Does your child suffer from stomach pain and vomiting without a clear cause? If digestive and other stomach related issues have been ruled out, your youngster might be having abdominal migraines.
Abdominal Migraine Symptoms
Does your child have tummy pain and then it’s followed by vomiting? Or, is there nausea and your baby’s face becomes very pale? The pain generally feels dull or sore and can be moderate to severe. It hurts enough to keep him/her from regular daily tasks.
Your youngster can be healthy in every way and then, bam, out of the blue, it strikes. Dizziness and lethargy usually accompany the other symptoms, too. Abdominal migraines can attack and then disappear for weeks, only to return at a later date.
What is an Abdominal Migraine?
Abdominal migraines are suffered by infants youngsters and teens. They tend to emerge between the ages of 3 and 10 years. They’re equivalent to their severe-headache cousin, but cause pain, dizziness, and cyclical vomiting. Abdominal Migraine is more common in those with a family history of head migraines. Different sources suggest somewhere between three and 15 percent of kids get them.
Your child wakes up from what was considered a good night’s sleep. And now she’s complaining of cramps in her belly. She feels nauseous getting dressed for school. She comes to the breakfast table but says she doesn’t want to eat. She finally has a piece of toast and a minute later she’s vomiting.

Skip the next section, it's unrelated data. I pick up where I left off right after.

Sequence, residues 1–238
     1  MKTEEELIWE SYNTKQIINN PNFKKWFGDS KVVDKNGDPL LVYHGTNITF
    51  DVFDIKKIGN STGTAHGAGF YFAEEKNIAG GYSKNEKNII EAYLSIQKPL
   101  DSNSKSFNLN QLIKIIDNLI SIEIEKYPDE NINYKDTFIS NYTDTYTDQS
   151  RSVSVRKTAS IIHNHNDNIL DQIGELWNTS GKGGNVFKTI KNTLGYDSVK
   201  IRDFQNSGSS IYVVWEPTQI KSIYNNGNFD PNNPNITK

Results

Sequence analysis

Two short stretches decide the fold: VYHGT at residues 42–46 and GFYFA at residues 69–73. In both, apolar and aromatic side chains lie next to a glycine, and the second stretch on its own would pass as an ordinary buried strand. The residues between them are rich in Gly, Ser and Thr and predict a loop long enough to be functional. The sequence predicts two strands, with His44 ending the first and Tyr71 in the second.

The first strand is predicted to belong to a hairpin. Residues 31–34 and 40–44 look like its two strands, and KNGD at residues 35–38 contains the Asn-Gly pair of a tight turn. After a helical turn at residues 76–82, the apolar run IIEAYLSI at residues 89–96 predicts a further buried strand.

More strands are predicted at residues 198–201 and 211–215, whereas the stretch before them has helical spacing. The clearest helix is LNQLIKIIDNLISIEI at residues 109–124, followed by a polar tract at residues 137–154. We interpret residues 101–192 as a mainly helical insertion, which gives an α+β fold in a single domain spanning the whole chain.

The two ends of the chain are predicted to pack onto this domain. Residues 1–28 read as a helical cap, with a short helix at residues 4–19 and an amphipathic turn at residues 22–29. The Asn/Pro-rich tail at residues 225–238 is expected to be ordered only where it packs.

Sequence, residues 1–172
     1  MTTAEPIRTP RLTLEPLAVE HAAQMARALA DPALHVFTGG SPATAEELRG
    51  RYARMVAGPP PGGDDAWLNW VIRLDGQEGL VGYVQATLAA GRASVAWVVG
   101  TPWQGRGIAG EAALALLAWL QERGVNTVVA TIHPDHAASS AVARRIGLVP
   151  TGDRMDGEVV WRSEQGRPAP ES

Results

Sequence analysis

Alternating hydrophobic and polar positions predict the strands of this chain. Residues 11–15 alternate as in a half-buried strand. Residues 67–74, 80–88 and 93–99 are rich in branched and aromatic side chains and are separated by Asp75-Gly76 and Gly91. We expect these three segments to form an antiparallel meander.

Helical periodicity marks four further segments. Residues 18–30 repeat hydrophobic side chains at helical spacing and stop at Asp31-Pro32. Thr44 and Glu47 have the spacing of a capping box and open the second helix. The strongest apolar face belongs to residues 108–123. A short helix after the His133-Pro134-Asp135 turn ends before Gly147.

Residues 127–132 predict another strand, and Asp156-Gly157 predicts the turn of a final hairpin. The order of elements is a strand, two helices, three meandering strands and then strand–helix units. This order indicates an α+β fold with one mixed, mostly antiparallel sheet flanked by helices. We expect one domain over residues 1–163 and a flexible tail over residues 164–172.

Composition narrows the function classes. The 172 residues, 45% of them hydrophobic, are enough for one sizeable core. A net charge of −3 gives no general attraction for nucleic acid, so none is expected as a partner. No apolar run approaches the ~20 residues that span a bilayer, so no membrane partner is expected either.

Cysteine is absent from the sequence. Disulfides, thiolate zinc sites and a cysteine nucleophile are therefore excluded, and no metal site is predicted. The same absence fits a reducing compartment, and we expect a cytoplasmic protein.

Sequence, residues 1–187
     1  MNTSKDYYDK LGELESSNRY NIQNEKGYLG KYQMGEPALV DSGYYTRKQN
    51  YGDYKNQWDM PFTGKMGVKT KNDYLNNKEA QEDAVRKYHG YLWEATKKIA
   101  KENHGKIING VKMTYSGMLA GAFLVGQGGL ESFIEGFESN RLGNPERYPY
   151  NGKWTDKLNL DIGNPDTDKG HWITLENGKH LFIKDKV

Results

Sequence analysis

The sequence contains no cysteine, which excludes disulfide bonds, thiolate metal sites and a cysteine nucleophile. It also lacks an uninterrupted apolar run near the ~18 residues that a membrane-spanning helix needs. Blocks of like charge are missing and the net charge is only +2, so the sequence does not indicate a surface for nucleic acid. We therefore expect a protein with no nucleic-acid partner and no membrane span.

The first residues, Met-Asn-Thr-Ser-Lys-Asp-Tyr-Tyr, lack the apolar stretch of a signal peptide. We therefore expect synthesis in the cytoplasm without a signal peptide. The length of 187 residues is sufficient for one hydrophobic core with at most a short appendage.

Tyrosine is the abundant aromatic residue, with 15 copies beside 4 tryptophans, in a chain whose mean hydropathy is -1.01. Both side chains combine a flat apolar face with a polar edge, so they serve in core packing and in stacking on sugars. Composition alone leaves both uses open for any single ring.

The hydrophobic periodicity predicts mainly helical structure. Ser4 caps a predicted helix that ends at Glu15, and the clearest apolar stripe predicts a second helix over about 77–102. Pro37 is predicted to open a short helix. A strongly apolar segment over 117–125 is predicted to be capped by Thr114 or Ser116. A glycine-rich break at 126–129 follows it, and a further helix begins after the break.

Head migraines can be triggered by not eating regularly, dehydration, changes in the weather, and stress. The same is true for abdominal ones. There can be, however, a host of other triggers for kids. Some are: worrying about a test at school, a field trip, or even a family vacation. Eating too fast or car sickness can cause stomach uneasiness.
Certain foods can also be culprits/triggers. Some include: chocolate, cheese, citrus fruits, foods that contain MSG (Chinese food, snack chips, soups), foods with preservatives (hot dogs, cold cuts, and other processed kid-unfriendly snacks.)
The Good News
Abdominal migraines rarely persist into adulthood. They may be a precursor to developing head migraines later in life, but at least the anorexia, nausea, and vomiting should subside. Practicing stress-reducing techniques are a natural way to avoid or suppress migraines. Of course, sometimes external causes are out of our control (like the weather.) But by removing yourself and your child from certain foods, glaring lights, noisy places, and otherwise stressful scenarios, you can help cut down on the occurrences if your family is prone to these pains in-the-head or -tummy.